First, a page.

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Mythbusting on sustainable homes



Isabel Allen and Simon McWhirter, directors at Hab Housing, explore some of the myths that surround custom-build and explain why it has a key role to play in tackling the UK’s housing crisis. 

This article originally appeared in Blue & Green Tomorrow’s Guide to Sustainable Homes 2013.

Myth one: custom-build is expensive

It doesn’t have to be. We are very mindful that the British public has been bombarded with tales of grands projets – expensive dreams that cost the Earth. But it doesn’t have to be this way.

On the continent, custom-build is seen not as a self-indulgent hobby, but as a means of bringing the cost of home ownership down. Yes, a one-off folly surrounded by extensive grounds is always going to be expensive. But we’re not talking about that. We’re talking about ordinary, modest, housing – often in terraces.

Click here to read The Guide to Sustainable Homes 2013

But rather than showing the customer a finished house and saying, “Lump it or leave it”, we want to establish what it is they really want to buy. In some instances they may want to buy a bare shell with a view to ‘camping out’ until they have raised more money to build in, say, an upper floor. In others, they may have the skills – or the contacts – to carry out much of the work themselves.

Myth two: custom-build houses are wacky and eccentric

Great! We’re all for eccentricity. That said, our primary aim is to offer our customers the chance to own their own home for as low a price as possible.

In practice, this means rational, economic houses; whilst we have spent a lot of time working on the best possible designs, the starting points for them are – for the main part – essentially very simple rectangular forms.

Bearing that in mind though, we’d be disappointed if customers didn’t make their mark on their homes. One of the things that makes volume house-building projects so stultifying is the sense of sameness – the fact that they lack the variety of settlements that have grown organically over time. 

Myth three: it’s risky

Building projects are notoriously risky, especially those with an amateur at the helm. They ride roughshod over programme and budget, causing an awful lot of grief to all concerned. Our mission is to make the whole process less risky and to iron out the kinks.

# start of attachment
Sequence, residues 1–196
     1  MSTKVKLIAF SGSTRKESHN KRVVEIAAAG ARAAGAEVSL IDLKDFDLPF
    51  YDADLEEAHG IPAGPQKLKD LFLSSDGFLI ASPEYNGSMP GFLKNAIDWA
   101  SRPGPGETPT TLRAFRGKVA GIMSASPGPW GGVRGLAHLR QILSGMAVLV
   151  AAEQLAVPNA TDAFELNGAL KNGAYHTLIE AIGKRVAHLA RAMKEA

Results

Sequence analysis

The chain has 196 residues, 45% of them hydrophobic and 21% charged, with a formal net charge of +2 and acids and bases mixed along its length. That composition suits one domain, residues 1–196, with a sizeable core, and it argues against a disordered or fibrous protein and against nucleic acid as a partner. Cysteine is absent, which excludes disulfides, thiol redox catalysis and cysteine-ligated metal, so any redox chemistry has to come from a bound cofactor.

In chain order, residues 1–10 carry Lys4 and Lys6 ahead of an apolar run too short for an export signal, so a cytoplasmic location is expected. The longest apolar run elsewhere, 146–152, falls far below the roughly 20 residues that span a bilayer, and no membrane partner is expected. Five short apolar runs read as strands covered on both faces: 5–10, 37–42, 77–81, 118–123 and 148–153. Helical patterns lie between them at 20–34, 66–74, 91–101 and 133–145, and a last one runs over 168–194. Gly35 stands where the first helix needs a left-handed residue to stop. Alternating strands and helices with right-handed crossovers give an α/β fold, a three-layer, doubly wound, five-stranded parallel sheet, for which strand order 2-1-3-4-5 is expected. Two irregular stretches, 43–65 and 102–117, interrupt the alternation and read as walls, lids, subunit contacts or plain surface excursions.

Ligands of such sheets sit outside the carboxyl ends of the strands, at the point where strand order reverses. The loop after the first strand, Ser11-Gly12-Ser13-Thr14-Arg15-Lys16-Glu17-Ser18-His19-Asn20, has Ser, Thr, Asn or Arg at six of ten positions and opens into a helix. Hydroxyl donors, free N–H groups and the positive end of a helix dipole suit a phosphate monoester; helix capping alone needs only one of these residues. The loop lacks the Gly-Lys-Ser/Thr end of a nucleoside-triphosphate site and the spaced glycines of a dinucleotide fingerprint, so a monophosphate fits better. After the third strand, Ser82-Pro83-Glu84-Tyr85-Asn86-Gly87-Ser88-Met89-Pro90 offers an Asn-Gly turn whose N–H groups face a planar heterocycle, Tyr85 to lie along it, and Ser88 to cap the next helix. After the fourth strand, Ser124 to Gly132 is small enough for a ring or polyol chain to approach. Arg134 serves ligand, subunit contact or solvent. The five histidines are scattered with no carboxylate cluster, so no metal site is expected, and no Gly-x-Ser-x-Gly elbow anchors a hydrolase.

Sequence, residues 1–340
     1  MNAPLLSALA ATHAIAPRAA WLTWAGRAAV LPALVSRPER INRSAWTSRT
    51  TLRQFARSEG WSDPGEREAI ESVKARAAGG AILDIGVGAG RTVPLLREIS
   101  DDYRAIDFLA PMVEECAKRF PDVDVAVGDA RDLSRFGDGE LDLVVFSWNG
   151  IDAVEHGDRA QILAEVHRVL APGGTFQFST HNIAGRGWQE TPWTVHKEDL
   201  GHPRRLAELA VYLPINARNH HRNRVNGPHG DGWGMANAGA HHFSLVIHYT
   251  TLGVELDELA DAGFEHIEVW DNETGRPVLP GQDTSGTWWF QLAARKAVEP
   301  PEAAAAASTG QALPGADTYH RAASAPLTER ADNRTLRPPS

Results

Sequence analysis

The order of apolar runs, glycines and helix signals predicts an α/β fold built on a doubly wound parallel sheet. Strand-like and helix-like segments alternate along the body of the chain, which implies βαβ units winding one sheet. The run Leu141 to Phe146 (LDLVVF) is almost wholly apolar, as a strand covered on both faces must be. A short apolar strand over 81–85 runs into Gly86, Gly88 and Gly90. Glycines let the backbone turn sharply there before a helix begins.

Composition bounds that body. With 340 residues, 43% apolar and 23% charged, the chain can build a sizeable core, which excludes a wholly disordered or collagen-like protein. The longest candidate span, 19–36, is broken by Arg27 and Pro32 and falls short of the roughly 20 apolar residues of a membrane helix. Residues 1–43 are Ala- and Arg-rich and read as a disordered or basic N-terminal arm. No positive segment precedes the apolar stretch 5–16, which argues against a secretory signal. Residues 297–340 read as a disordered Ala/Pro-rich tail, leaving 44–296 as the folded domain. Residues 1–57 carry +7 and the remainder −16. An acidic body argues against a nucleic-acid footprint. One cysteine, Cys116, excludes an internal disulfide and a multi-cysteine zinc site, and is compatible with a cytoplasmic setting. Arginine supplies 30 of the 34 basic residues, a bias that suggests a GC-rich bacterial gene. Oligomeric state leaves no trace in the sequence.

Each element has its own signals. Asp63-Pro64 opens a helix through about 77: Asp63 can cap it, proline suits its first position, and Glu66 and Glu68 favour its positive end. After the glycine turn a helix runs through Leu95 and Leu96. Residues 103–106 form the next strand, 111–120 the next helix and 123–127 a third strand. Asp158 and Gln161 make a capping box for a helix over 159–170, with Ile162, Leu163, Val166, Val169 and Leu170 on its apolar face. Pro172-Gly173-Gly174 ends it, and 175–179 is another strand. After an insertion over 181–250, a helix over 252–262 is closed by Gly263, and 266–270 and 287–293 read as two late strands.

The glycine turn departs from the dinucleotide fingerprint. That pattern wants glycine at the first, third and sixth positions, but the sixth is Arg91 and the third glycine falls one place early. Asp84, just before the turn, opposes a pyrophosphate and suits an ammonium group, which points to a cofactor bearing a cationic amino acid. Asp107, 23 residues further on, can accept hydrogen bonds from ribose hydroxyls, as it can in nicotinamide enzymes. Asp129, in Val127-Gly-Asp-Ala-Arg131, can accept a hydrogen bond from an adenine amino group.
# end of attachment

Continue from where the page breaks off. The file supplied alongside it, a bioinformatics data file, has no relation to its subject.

We’ve designed, tested and – crucially – costed a range of potential house types and so can give an accurate idea as to what any given project is likely to cost. Oh, and all of our plots are set within a carefully thought through masterplan with really high-quality public realm, doing away with the very real risk that you end up with a house that you love in surroundings you hate.

Myth four: custom-build projects take forever to get off the ground

They can, and they do. But ours won’t. Why? Because we take care of the stuff that makes projects get stuck at the starting gate.

We’ll get outline planning consent for our schemes before we market individual plots so that buyers can rest secure in the knowledge that they’re investing in a realisable dream. And we’ll make sure that all our sites have the services (like water, electricity, etc) they need.

Myth five: you can’t get a mortgage to build your own house

Availability of finance is a real problem for British self-builders and custom-builders. But things are changing fast, and our strategy of de-risking custom build will make the process infinitely more attractive to lenders.

Our plan is to work with mortgage companies to smooth the process of accessing suitable finance for your project and will assist our customers with the range of options available.

Isabel Allen and Simon McWhirter are directors at Hab Housing, which was established by Kevin McCloud (Channel 4’s Grand Designs) to tackle the shortage of environmentally-friendly and beautifully-designed housing at the affordable end of the market. Hab, which stands for Happiness Architecture Beauty, recently broke the record for equity crowdfunding, after raising £1.9m on the online platform Crowdcube.

Further reading:

Creating a low-carbon home of your own

Superhomes for a super future

Sustainable design should change our behaviour for good

Sustainable mortgages: designed as if people and the planet matter

The Guide to Sustainable Homes 2013